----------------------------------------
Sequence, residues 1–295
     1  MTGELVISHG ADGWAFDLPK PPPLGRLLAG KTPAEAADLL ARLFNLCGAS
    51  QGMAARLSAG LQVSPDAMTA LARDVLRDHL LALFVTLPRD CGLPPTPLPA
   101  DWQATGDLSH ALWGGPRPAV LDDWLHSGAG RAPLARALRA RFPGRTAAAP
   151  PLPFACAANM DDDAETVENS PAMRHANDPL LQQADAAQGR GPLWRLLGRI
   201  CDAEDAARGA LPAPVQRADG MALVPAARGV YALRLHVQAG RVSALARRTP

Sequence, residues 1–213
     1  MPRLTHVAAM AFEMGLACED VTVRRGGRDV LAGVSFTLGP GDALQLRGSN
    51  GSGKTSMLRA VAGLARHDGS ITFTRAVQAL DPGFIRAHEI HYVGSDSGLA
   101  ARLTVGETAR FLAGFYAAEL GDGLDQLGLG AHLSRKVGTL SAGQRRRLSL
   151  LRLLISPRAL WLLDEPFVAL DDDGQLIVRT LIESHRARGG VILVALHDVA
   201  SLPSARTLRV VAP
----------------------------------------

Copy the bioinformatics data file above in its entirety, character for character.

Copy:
Sequence, residues 1–295
     1  MTGELVISHG ADGWAFDLPK PPPLGRLLAG KTPAEAADLL ARLFNLCGAS
    51  QGMAARLSAG LQVSPDAMTA LARDVLRDHL LALFVTLPRD CGLPPTPLPA
   101  DWQATGDLSH ALWGGPRPAV LDDWLHSGAG RAPLARALRA RFPGRTAAAP
   151  PLPFACAANM DDDAETVENS PAMRHANDPL LQQADAAQGR GPLWRLLGRI
   201  CDAEDAARGA LPAPVQRADG MALVPAARGV YALRLHVQAG RVSALARRTP

Sequence, residues 1–213
     1  MPRLTHVAAM AFEMGLACED VTVRRGGRDV LAGVSFTLGP GDALQLRGSN
    51  GSGKTSMLRA VAGLARHDGS ITFTRAVQAL DPGFIRAHEI HYVGSDSGLA
   101  ARLTVGETAR FLAGFYAAEL GDGLDQLGLG AHLSRKVGTL SAGQRRRLSL
   151  LRLLISPRAL WLLDEPFVAL DDDGQLIVRT LIESHRARGG VILVALHDVA
   201  SLPSARTLRV VAP